Another issue that I have noticed myself is the attitude of some dog walkers. Unfortunately, we have come across some with no awareness or consideration for those they encounter while walking their charges: allowing the dog to get too close to others, or, at the opposite end of the spectrum, overreacting to and mistreating their pet, and, even worse, seemingly lacking any command of and control over the animal. These are always dog-sitters/nannies. It’s important for dog owners to be mindful of these issues for the safety of people and other pets; they also need to provide adequate training to their pets and ensure that any household members handling them are equipped to understand the needs of the animal and the public.

But, one of the biggest issues that I and many others have is … well, there’s no other way of saying it, dog poo. Walking into the building foyer once, I was mortified to see animal feces on the floor in front of the lifts and dog poo is frequently being spotted and reported all around the community, which is a serious health hazard, and a literally disgusting example of the disregard being shown. Every pet owner knows that it is their job to clean up after their pets, it’s part of the symbiotic relationship we have with our animal friends, so there really is no excuse for not being mindful and considerate. Pet owners should also ensure that their dog walkers understand the seriousness of this.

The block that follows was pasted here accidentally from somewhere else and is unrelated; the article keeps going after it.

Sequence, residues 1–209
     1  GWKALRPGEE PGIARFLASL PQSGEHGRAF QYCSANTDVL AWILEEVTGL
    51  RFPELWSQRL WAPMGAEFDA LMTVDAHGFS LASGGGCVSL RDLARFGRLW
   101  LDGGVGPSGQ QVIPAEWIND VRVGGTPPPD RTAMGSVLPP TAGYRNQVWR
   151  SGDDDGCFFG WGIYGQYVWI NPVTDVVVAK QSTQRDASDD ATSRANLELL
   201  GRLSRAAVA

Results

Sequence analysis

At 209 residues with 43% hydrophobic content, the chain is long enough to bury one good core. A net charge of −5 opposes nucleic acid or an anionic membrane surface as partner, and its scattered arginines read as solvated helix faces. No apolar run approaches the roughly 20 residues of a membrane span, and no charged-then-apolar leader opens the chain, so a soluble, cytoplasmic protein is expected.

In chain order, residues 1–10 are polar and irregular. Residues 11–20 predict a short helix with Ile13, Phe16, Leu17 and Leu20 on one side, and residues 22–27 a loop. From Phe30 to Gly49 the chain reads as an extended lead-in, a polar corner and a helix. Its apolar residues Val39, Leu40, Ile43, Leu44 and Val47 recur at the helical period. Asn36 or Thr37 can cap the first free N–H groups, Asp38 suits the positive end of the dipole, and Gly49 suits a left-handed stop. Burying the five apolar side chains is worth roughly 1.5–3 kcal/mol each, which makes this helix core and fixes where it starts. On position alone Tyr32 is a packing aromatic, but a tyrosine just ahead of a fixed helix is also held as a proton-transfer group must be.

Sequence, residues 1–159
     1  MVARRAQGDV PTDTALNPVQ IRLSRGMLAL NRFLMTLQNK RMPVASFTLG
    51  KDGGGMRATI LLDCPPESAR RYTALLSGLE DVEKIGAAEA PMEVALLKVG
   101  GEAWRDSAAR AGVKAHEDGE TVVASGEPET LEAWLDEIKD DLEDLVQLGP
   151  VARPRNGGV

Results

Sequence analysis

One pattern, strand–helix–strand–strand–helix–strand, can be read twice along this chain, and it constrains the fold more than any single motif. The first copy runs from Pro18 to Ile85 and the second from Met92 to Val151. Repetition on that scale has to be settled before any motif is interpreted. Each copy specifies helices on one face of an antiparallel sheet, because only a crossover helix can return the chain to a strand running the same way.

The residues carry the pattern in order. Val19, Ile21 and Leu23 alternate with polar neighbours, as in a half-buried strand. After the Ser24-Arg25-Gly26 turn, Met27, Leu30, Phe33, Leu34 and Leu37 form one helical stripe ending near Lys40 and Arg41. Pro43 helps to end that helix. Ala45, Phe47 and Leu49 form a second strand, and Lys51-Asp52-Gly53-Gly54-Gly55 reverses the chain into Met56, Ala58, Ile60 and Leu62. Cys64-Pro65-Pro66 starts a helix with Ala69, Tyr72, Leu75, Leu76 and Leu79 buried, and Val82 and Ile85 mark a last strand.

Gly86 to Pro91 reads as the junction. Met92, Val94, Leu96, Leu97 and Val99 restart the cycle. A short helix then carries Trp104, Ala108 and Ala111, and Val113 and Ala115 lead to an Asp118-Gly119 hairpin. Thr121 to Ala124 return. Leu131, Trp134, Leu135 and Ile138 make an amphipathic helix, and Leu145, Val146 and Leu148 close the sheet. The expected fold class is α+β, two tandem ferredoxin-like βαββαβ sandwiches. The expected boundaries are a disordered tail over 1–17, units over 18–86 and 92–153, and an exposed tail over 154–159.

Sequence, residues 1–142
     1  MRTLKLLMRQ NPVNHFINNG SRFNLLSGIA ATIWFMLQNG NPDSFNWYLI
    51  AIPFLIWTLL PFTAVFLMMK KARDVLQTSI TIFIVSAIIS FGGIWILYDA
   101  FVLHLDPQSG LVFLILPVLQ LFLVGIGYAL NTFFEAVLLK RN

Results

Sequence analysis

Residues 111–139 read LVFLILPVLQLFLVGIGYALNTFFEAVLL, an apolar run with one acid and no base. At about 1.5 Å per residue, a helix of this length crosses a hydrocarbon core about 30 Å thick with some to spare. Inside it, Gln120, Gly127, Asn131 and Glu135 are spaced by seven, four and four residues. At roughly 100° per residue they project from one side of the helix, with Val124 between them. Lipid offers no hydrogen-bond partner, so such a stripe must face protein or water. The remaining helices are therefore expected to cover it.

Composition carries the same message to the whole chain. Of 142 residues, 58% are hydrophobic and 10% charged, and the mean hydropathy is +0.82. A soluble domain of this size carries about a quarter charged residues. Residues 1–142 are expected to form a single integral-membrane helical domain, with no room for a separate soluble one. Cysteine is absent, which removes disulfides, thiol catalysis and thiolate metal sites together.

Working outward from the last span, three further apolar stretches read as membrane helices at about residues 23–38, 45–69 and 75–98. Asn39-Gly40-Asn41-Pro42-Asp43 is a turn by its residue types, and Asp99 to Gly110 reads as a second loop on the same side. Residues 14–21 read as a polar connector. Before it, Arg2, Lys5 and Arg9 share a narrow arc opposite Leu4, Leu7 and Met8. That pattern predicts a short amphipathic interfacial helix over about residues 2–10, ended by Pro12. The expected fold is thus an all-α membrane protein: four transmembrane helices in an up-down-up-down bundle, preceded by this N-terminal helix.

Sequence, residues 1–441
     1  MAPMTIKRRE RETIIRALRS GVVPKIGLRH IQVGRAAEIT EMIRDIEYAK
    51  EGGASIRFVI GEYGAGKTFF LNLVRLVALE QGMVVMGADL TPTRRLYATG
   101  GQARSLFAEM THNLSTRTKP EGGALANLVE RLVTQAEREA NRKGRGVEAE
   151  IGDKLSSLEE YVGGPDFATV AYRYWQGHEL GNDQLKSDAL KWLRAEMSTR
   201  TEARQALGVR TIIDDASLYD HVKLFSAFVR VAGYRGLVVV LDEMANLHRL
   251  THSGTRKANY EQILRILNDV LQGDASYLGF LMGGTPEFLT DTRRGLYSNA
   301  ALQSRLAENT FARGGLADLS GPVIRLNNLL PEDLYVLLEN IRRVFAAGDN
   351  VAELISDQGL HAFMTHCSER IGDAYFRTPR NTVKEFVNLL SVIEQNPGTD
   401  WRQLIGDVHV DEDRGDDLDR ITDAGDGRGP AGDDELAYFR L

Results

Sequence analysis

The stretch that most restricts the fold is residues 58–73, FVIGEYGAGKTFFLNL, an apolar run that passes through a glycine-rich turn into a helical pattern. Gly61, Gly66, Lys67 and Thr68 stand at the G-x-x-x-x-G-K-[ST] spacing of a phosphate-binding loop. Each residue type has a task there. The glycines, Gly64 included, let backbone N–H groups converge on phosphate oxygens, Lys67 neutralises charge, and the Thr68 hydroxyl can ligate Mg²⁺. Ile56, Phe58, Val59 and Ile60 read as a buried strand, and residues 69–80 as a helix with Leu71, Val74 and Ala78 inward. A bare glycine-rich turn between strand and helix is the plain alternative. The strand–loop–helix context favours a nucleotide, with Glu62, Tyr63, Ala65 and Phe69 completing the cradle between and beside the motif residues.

Perhaps it would be a good idea if community management organisations were to place hands-free pooper collectors, bags and waste bins throughout the community as an integral part of their services, especially if they promote themselves as ‘pet-friendly’.

I do get it. Dogs need exercise. They need to run and play. But so do my children… in a non-toxic environment. I think it’s fair to say that majority of dog owners, especially in a suburban setting, have access to a vehicle: they can take dogs off the leash and let them run loose in designated dog parks, like the one that opened in Abu Dhabi last year with separate areas for small and big dogs (Al Khubeirah Garden in Al Bateen), Formal Park, Abu Dhabi Corniche, or the UAE’s only private dog beach, Flopster Beach Ghantoot, or even the desert, which is never that far away!

It would also be a good idea if the municipality opened more dog parks near residential areas, which would be massively convenient for all members of the community — again with appropriate waste bins encouraging owners and sitters to clean up their mess. Because if we’re not careful, the municipality may take more drastic steps to curtail the problem, which could include muzzling all dogs in public, or even a ban on them, and I don’t want that.

I do commiserate with loving and respectful owners who do take appropriate measures while dog-walking; it must be just as annoying for them to be tarred with the same brush — but this isn’t about making them feel bad, this is to raise awareness for all.

Love your dogs, care for them, feed them, hug them… take them to the vet when they are not well, enjoy their company… but please pick up the poo!